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Arduino on Gentoo Linux


Be aware that some of this guide requires the execution of commands with root privileges. If you do not know the risks involved please do not continue.

Gentoo Wiki

Please also take a look at the Gentoo Wiki with the same subject. It can provide newer or other information.

64-bit users

librxtx is reported to cause some problems on gentoo linux because of an overflow, causing the IDE to fail. This problem is noted at rxtx here. Please go here for fixed binaries.

Installing the Basics

First you need to log in as the superuser and install some necessary packages:

emerge -avq sun-jre-bin crossdev

As the Arduino IDE is written in Java sun-jre-bin is needed. crossdev allows the building of the AVR toolchain.

Building the Toolchain

Ensure that the file /etc/portage/make.conf has the following line:

source /var/lib/layman/make.conf

If it hasn't you probably need to install layman and follow the post-install instructions.

mkdir -pv /usr/local/portage

To build the toolchain:

USE="-openmp" crossdev -t avr -s4 -S --without-headers

"-S" ensures the use of stable package versions.

Obtain Toolchain from Atmel

If creating your own toolchain is not working, you can download a pre-built one from Atmel:

Configuring the Kernel for the Arduino's USB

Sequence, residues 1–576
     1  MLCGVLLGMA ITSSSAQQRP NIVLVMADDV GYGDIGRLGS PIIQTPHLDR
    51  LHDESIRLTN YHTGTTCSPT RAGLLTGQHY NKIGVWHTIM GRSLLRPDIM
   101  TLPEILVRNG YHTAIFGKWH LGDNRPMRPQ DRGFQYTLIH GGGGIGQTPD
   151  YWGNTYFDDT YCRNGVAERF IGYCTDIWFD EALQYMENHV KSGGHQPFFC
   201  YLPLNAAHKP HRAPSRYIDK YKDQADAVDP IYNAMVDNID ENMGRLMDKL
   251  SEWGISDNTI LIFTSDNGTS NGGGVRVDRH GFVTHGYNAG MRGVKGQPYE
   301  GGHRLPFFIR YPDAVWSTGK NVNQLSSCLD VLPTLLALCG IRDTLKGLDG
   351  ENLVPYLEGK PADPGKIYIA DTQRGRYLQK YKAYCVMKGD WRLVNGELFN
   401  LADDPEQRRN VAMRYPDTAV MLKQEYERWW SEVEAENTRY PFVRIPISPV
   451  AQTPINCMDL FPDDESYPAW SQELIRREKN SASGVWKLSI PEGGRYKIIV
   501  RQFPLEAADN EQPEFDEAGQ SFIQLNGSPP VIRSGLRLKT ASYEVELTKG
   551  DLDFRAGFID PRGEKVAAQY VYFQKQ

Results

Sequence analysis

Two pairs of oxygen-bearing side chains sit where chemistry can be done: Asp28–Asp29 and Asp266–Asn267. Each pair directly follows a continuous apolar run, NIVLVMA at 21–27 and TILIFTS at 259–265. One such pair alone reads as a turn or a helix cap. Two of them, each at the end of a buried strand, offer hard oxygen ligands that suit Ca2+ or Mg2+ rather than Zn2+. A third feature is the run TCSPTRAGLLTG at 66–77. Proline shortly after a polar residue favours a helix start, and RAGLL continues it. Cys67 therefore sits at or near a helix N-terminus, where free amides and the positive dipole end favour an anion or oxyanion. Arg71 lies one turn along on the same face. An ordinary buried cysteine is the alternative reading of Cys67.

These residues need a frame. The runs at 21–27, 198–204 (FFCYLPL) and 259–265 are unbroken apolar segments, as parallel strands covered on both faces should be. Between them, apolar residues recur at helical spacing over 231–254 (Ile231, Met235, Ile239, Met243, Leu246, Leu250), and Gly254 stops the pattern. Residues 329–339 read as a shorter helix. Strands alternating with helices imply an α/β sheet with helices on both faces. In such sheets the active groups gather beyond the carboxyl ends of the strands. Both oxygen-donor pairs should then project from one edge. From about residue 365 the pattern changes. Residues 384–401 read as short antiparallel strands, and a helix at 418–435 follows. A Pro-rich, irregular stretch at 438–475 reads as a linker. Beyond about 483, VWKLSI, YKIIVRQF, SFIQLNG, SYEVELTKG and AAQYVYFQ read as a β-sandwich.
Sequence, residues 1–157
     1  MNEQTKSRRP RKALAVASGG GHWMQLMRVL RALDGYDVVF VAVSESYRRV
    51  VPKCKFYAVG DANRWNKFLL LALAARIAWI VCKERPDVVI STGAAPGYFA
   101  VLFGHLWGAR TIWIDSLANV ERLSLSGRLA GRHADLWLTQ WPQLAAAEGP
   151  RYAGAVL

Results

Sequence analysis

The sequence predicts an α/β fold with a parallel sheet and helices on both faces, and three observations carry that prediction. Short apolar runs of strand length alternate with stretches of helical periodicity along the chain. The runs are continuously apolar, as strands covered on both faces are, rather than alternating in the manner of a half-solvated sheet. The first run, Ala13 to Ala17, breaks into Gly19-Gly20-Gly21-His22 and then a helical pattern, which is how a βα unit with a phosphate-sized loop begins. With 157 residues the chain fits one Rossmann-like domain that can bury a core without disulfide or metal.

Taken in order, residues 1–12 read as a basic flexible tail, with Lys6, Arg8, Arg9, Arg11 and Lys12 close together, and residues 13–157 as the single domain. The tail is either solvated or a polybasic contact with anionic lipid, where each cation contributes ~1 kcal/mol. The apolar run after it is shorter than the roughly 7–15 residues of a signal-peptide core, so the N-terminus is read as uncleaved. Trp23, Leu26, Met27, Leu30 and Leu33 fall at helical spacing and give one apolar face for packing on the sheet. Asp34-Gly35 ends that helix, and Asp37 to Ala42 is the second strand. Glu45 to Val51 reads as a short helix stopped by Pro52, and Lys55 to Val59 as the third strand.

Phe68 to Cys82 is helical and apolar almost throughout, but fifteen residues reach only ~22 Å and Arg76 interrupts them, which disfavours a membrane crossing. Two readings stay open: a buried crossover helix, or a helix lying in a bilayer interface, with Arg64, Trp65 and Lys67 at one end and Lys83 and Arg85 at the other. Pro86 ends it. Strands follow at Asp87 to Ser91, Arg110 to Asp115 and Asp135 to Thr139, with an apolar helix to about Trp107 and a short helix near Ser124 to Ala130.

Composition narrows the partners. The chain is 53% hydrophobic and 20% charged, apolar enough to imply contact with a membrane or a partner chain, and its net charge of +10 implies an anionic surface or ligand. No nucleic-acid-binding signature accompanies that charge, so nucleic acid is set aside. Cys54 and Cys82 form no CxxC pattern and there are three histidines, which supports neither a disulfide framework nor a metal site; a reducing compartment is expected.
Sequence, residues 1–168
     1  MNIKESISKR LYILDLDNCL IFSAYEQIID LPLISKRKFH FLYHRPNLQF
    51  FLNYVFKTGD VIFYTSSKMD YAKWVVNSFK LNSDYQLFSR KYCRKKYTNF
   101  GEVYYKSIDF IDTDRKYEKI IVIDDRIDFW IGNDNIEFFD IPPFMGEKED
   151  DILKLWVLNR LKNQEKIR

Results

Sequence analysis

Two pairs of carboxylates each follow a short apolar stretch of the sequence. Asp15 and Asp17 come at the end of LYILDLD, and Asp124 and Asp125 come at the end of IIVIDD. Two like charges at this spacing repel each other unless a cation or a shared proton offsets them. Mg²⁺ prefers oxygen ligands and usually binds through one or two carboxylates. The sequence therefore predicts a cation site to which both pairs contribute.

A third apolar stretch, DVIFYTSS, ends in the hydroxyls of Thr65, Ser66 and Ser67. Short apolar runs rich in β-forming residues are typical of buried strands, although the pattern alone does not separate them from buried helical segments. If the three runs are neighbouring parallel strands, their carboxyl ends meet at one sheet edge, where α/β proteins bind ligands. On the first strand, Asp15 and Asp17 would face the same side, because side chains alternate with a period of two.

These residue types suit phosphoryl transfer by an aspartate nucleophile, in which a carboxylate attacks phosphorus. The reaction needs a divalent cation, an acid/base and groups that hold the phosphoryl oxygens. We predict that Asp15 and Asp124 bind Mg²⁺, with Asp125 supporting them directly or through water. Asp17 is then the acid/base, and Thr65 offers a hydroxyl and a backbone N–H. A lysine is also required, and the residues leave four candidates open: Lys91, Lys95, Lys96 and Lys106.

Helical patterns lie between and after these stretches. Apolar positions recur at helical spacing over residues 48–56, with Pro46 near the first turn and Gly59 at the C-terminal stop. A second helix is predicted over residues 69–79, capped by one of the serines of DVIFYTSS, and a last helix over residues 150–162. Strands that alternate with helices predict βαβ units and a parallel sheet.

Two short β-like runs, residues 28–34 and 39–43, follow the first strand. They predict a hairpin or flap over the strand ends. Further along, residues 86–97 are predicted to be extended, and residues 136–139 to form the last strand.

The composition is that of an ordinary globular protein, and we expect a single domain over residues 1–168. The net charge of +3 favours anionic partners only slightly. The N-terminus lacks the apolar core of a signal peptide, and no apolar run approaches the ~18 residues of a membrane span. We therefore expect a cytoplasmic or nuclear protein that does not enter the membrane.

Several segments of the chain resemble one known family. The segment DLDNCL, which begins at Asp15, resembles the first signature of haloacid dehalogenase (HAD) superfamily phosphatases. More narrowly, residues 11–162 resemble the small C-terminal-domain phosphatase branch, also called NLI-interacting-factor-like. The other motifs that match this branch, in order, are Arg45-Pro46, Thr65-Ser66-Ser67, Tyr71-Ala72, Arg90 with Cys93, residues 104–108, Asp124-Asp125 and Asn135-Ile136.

This section is quite advanced and therefore a complete guide to kernel configuration is out of scope for this guide. The Gentoo documentation has a good guide on this topic.

The next step is to get the USB to serial adapter working. To save some time later I suggest that you first add your user to the tty and uucp groups. This is done by:

gpasswd -a YOUR_USERNAME tty uucp

Then you must check the permissions of /var/lock variable, and ensure that group uucp has write access to it. If not you cannot access your arduino board as normal user.

(at some point you'll need to logout and login again to apply this change). Then you need to enable support for the FTDI and/or for Uno and Mega the 8U2 (CDC ACM) in the kernel by setting:

Device Drivers -> USB support -> USB Serial Converter support -> USB FTDI Single Port Serial Driver

Device Drivers -> USB support -> USB Modem (CDC ACM) support

It should work either as a module or built into the kernel. Just for convenience its easiest to compile it as a module.

Once selected as [M] run the following command to compile, install and initialise the driver:

make && make modules && make modules_install && modprobe ftdi_sio

Next connect the Arduino board to the computer using a USB cable and then run dmesg. You should see something like:

usb 2-1: FTDI USB Serial Device converter now attached to ttyUSB0

Installing the packages (Emerging)


emerge arduino

If portage prints a message about keyword changes, you can use this command:

emerge --autounmask-write arduino || etc-update

and then finally run

emerge arduino

Now portage should compile and install all arduino packages.

Finishing Up